On Christmas Eve Day in 2012, I sat in a Starbucks and wrote an enthusiastic post about why it had been the year of the e-single. E-singles — works of journalism between 3,000 to 15,000 words, usually nonfiction and sold as individual ebooks — were “a true digital-native format,” I wrote, “the format for our time,” ideal to read curled up with your iPad.
With the crash and burn of Byliner this year, however, my enthusiasm seems less than prescient. Byliner, which launched in 2011, was one of the darlings of the literary startup scene (which is also not doing so hot these days). Its original mission was to publish original e-singles, both fiction and nonfiction, and also to create a sort of archival home for journalists on the web. But over the next couple of years, Byliner moved away from that mission, and in recent weeks bad news about the company has trickled out onto the web and then into the pages of the New York Times as the most high-profile executives, including CEO John Tayman and co-founder Mark Bryant, left the company.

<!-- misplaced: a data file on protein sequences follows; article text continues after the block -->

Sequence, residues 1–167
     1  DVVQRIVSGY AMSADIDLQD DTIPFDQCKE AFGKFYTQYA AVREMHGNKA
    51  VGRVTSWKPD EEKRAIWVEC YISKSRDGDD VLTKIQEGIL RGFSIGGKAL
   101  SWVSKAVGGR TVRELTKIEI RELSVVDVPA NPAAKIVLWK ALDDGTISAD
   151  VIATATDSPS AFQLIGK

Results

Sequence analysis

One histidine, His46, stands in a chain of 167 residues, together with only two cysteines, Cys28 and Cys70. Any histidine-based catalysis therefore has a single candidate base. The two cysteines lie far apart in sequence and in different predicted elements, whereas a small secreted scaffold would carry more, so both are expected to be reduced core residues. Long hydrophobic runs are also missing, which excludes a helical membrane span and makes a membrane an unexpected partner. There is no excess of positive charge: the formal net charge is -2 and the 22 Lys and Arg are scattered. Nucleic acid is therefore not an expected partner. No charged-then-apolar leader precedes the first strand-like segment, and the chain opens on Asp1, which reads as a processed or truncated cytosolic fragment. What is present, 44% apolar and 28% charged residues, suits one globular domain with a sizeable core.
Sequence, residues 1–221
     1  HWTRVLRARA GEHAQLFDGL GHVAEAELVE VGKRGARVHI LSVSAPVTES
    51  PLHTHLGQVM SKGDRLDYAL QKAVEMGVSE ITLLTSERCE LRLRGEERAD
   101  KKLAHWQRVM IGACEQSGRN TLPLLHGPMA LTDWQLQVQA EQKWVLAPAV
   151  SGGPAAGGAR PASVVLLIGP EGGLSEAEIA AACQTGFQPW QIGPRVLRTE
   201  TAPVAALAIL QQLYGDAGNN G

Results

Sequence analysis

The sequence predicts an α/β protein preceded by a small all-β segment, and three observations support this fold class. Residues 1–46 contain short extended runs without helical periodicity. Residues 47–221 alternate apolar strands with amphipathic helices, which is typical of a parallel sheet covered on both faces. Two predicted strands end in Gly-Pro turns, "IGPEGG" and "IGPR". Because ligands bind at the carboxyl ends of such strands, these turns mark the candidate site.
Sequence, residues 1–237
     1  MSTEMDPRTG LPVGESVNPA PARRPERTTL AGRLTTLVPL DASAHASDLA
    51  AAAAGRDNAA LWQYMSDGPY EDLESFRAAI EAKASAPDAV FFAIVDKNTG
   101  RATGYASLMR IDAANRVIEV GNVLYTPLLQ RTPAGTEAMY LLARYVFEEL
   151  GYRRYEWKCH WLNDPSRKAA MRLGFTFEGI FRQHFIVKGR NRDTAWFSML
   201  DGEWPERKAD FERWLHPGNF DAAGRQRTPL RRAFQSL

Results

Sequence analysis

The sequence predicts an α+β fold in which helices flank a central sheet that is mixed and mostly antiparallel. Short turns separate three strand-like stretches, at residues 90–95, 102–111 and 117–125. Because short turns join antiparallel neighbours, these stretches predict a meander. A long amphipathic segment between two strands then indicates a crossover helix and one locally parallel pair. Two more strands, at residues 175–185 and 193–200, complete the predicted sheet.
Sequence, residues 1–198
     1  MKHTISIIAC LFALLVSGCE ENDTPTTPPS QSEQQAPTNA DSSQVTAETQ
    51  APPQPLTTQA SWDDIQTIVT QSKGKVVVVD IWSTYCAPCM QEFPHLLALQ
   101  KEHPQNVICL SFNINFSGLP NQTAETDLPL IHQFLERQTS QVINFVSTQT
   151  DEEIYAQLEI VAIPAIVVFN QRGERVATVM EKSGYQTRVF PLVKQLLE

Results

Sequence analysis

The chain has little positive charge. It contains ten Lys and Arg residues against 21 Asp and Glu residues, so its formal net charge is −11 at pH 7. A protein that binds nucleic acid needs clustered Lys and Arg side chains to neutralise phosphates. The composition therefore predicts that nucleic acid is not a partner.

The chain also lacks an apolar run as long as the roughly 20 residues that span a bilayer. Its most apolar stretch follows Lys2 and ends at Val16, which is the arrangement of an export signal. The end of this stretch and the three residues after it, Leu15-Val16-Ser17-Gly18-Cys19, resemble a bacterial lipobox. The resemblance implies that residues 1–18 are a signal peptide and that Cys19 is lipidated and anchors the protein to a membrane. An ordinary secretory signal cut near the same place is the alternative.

Deanna Brown, Byliner’s president and the former CEO of Federated Media and Inside.com,...